My invention therefore in one aspect relates to an improved oro-pharyngeal airway of generally ellipsoidal cross-sectional shape adapted to function as a guide and passageway for an endotracheal tube for intubation of a human larynx, having distal and proximal halves and ends in which the proximal end is generally in the shape of a cylindrical tunnel of a size sufficient to accommodate a complementary endotracheal tube and in which the distal half and end is open along its lingual surface so as to permit the passage therethrough of the aforesaid complementary endotracheal tube.
My modified airway is simple, inexpensive and can easily be carried in a physician's handbag or a paramedical person's emergency kit. Furthermore, the proximal half of the airway serves as a splint to direct the endotracheal tube into the patient's throat and over the tongue while the distal half directs the tube through the pharynx and towards the larynx and trachea.
A preferred embodiment of my invention is illustrated in the accompanying drawings and described hereafter, in which:
FIG. 1 is a side view of the new oro-pharyngeal airway;
FIG. 2 is a side view of the oro-pharyngeal airway with the complementary endotracheal tube in place;
FIG. 3 is a view of the lingual surface of the airway;
FIG. 4 is a view of the proximal end of the airway;
FIG. 5 is a side view of an alternative embodiment of the airway invention.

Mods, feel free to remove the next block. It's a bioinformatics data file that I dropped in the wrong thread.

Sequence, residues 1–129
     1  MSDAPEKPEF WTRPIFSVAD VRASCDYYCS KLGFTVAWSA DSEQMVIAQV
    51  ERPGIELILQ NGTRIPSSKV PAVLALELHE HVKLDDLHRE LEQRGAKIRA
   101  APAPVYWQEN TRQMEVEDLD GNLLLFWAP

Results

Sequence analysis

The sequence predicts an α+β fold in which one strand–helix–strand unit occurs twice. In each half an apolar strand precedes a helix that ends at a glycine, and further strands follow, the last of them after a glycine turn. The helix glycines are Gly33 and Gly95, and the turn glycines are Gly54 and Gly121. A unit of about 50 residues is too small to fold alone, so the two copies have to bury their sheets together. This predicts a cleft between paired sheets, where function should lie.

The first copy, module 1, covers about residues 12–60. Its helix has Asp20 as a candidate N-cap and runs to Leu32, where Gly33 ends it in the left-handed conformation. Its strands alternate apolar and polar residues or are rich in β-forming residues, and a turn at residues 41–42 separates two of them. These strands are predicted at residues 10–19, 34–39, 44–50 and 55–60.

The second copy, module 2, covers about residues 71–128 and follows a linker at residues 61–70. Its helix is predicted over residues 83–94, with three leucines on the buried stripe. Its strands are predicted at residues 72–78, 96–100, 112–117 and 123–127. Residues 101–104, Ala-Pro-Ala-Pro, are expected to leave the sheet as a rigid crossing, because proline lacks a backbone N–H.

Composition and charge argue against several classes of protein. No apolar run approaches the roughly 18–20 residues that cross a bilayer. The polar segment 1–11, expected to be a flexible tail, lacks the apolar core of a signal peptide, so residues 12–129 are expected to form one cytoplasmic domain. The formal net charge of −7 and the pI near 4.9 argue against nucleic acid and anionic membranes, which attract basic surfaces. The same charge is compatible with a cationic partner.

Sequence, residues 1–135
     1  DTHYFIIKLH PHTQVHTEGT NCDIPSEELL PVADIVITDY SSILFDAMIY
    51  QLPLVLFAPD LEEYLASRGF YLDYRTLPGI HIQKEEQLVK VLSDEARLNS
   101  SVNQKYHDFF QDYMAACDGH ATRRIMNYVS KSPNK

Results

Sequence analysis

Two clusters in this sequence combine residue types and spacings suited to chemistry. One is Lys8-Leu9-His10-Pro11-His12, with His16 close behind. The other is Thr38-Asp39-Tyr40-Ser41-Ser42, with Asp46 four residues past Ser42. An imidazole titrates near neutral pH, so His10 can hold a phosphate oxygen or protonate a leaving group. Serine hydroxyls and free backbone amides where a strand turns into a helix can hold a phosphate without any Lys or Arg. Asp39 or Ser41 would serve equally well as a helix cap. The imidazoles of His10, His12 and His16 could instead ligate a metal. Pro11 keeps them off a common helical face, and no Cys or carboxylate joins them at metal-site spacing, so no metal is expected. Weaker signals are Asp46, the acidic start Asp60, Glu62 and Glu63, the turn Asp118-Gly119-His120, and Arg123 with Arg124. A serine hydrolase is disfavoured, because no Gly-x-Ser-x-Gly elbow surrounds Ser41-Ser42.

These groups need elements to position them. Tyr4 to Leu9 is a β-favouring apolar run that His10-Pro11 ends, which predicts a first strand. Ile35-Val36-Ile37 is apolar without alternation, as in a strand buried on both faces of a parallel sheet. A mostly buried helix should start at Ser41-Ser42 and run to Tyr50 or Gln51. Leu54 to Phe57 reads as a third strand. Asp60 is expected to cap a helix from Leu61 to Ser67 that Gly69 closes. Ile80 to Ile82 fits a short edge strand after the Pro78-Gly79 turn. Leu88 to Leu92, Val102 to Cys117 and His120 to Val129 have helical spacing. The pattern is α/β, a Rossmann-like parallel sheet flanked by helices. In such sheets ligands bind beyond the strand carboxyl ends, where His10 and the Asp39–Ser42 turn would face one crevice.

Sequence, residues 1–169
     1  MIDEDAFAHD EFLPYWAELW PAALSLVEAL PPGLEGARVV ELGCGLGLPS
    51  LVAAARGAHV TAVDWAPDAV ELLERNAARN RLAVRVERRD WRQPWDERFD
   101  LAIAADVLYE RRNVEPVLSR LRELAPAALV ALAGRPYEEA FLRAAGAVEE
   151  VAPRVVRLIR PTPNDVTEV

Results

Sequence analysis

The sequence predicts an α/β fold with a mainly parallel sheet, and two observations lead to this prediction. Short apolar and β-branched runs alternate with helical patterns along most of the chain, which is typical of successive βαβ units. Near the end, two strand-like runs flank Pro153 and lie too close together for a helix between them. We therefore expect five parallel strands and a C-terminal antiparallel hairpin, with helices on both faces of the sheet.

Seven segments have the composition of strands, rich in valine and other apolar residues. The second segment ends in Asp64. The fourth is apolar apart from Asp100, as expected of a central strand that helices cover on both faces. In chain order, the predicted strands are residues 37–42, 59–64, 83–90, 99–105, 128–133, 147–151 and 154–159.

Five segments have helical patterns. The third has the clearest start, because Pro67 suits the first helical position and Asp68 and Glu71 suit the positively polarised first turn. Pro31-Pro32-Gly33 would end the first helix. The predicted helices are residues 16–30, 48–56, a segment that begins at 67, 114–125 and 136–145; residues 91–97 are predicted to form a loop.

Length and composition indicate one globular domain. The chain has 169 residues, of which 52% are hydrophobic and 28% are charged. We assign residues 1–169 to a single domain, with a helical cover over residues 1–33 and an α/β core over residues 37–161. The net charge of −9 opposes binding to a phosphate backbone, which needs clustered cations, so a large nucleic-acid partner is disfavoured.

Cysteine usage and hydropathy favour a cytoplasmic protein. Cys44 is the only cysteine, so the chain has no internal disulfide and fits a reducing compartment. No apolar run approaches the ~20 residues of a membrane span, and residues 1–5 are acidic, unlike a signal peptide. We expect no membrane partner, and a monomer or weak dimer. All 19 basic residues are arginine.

Referring to FIG. 1 of the drawings, an oro-pharyngeal airway 1 that is adapted to be inserted orally into the patient's mouth, has an outer or proximal half 2 and end 2(a) for connection to breathing apparatus such as a respirator (not shown) for applying intermittent positive pressure respiration. The distal or inner half 3 of the airway 1 is inserted orally into the patient's mouth, over the tongue and into the pharynx. The flange 4 on the proximal end 2(a) of the airway 1 rests against the outer surface of the lips or teeth of the patient to prevent the airway 1 from passing completely into the patient's mouth.
From FIGS. 2 and 4 it will be seen that the outer proximal half 2 of the airway 1 has an interior cylindrical shape of a diameter sufficient to accommodate a complementary endotracheal tube 5. Depending upon whether the device is intended to be used for children or adults, the airway 1 and the tube 5 will be sized accordingly.